Investors are hitting the pause button with the relentless buying of US stocks as big-tech’s actions following the mayhem at the Capitol drags sentiment down. Social media platforms have taken some strong positions following the Capitol riots and that is raising expectations that when the dust settles, Congressional efforts to regulate big tech will become high on the agenda. The banning of President Trump’s major social media platforms was expected as big-tech tries to distance themselves from last week’s riots that left five people dead. Facebook, Apple, Alphabet, Facebook and Twitter are off session lows but for many traders the increased chances of legislation on privacy, antitrust, and Section 230 have changed their fundamental outlooks. For stocks to completely get their mojo back, big-tech fears need to ease.
House Democrats begun the impeachment process today as they charge the president with “incitement of insurrection”. The House however may not send over the article of impeachment to the Senate until after inauguration day.
Adding to the selling pressure is the belief that despite the Democratic sweep in Georgia, the Biden administration will still struggle to implement their agenda as Conservative Democrats Manchin from West Virginia and Tester from Montana, will prove difficult to win over. The deficit is a big concern for Republicans and conservative Democrats and that might bring down the final price tag of stimulus that Biden is able to push through Congress. The economy will still get its stimulus and infrastructure spending, but they may be somewhat smaller than initially anticipated.
The dollar rally continues as traders continue to cover their short positions. After seeing bearish near a decade high at the end of the year, the consensus trade for a weaker dollar on Wall Street is unraveling. The dollar’s rebound coincides with the steep rise with Treasury yields. The upcoming week is filled with Fed speak that will likely draw attention to the policymakers’ comfort level for the steep rise in yields. The Fed may allow yields to arise a little more, but eventually they will put an end to this as it poses a risk to the economic recovery.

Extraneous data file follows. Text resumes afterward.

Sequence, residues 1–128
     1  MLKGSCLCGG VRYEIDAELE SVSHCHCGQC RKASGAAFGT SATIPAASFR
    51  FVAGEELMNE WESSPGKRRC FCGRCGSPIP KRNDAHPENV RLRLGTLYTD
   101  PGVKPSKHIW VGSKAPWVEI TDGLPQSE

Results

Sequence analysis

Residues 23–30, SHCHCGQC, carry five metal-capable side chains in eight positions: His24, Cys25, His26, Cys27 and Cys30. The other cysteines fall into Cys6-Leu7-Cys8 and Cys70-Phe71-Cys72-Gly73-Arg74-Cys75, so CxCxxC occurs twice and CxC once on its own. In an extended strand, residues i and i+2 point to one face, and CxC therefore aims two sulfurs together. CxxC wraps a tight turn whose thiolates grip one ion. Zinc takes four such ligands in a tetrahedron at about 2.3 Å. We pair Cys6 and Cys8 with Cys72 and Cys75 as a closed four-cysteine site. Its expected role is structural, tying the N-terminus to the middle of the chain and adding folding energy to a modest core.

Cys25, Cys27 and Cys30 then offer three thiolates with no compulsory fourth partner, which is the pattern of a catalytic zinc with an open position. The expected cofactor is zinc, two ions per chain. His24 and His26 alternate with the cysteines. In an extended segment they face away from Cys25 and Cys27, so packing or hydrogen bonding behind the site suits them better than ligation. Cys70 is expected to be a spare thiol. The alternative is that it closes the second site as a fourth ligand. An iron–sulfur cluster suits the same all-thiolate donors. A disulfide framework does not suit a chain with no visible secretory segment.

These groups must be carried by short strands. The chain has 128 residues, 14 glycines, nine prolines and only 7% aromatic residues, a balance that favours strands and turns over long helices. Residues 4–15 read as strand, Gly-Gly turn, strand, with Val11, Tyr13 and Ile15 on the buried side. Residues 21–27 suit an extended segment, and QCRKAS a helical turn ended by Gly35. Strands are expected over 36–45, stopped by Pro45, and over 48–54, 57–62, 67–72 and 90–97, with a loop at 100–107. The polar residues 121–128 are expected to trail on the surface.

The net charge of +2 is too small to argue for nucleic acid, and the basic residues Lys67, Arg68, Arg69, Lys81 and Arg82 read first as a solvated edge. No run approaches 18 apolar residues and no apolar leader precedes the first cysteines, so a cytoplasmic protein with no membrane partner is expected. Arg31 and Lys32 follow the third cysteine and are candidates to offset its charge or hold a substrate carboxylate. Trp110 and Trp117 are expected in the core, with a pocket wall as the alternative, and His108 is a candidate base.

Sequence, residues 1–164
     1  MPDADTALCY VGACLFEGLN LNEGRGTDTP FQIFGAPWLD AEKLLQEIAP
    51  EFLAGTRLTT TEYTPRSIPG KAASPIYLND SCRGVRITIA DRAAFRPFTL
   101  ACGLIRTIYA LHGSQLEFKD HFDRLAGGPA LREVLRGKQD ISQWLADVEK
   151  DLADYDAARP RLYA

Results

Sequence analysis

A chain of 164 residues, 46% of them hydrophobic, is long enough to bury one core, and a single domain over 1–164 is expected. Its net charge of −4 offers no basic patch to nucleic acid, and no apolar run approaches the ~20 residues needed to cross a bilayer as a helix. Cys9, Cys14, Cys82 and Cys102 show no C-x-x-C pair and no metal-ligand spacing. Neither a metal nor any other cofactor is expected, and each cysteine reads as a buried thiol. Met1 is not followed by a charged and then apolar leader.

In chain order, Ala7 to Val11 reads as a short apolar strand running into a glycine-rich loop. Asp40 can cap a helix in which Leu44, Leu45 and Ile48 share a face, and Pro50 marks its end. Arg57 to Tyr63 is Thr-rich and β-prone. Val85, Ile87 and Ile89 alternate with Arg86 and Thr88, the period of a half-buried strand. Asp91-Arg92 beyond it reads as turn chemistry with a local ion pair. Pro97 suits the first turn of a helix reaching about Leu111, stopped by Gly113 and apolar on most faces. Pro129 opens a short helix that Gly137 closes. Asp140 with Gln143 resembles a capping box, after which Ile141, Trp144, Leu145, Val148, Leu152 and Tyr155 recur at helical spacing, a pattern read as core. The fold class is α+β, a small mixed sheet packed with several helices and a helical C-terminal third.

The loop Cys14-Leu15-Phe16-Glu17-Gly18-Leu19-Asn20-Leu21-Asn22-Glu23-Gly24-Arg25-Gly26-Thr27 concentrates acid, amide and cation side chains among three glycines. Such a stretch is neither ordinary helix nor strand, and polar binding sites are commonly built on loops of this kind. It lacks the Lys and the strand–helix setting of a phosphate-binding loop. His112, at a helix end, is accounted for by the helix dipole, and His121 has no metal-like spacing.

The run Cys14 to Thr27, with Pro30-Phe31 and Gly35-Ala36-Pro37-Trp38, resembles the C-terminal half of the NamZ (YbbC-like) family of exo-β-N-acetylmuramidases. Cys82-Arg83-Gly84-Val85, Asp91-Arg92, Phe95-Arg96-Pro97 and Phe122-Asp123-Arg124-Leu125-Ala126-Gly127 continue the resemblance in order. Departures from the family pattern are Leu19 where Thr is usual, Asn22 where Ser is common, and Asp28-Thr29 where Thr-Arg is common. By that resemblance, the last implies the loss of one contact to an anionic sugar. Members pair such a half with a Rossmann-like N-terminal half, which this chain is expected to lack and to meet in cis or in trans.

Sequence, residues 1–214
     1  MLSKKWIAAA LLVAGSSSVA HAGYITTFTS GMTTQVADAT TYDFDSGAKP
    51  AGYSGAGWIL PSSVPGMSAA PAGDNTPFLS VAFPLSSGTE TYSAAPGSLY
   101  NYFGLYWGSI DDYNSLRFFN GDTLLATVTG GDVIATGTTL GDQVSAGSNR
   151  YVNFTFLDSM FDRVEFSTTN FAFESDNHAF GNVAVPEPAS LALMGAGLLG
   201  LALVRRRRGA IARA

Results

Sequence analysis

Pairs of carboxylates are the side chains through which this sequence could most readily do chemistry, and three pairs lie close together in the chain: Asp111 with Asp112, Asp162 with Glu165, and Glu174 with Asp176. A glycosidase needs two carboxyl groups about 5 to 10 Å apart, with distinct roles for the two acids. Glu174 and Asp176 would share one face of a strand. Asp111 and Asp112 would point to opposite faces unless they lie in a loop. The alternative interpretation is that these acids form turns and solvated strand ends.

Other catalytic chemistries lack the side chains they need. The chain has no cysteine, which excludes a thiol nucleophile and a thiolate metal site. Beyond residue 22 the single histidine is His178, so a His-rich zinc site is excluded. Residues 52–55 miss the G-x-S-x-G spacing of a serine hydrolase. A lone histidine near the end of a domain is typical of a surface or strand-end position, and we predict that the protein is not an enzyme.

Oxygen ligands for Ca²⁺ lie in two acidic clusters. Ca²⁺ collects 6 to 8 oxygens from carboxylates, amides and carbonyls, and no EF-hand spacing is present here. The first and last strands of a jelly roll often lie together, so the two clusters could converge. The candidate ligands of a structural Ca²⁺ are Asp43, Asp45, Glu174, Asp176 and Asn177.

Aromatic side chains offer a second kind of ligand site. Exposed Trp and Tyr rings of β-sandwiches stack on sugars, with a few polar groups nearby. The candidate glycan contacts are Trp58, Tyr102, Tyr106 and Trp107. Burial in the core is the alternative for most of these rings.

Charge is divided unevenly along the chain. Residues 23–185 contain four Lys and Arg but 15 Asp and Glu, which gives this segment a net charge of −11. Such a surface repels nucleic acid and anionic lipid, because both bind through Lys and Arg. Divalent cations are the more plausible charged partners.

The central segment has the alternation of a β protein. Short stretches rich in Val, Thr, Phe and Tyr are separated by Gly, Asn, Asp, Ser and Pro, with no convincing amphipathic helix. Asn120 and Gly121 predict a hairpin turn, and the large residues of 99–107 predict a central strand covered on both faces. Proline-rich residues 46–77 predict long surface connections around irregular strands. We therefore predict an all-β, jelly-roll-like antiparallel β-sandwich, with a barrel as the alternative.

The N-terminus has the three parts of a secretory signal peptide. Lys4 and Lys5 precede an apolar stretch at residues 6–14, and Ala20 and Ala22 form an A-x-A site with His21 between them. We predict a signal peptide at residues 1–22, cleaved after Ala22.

Crude prices are paring losses as the dollar rally stalls and after Pfizer and BioNTech boost their coronavirus vaccine targets for this year. The rally with oil was getting out of hand and prices needed to pullback as the uncertainty over short-term crude demand remains elevated.
Not only are virus lockdowns a risk but the implementation of vaccines is still hurdled with many logistical issues. The process of determining who is eligible is constantly changing and signing up is not as easy as it should be. Vaccine rollouts should go smoother under the Biden administration.
Chinese crude demand has been a bright spot for the oil market, but that could quickly end if China steadily sees new clusters. Beijing has clearly showed they will not hesitate in preventing the spread of COVID-19 infections and that will likely mean the new strain raises the risks of more lockdowns.
WTI crude has had quite the run since election day and prices should start to consolidate around the $50 level.
Gold appears to be fighting for its life as many technical analysts salivate or some strong technical selling indicators. After forming a potential double-top at around the $1950 level, gold prices had steadily declined below many key moving averages, potentially suggesting further pain is on the way.
Gold’s weakness is all about the tentative rebound in the dollar. Higher Treasury yields have come along with a stronger dollar that needed to force the covering of the overcrowded bet against the greenback, which has driven down gold prices.
Despite charts that suggest gold looks like a falling knife, the fundamentals still make a sound argument for higher gold prices. The economy can’t warrant the current trajectory of Treasury yields and that will force the Fed to talk down rates and eventually adopt yield curve control. Gold is currently at key support, but if weakness persists all eyes will be on the $1770-$1800 range.
Bitcoin is getting pummeled as institutional money and hedge funds ride the current freefall. Bear market plunges and excessive volatility are powerful agents that scare away the uninitiated. But we are initiated and would like to point out that this was to be expected and that we already saw a near 20% decline earlier last week. (referencing my note from January 7th)
Bitcoin is still up on the year and the current ~22% crash won’t intimidate any of the new institutional money that just hopped onto the crypto bandwagon. Risk aversion and a strong dollar led to the Bitcoin’s collapse as long positions got unwound and hedge funds accelerated the move by hitting the sell button. Bitcoin could attract some interest if prices near the psychological $30,000 level.
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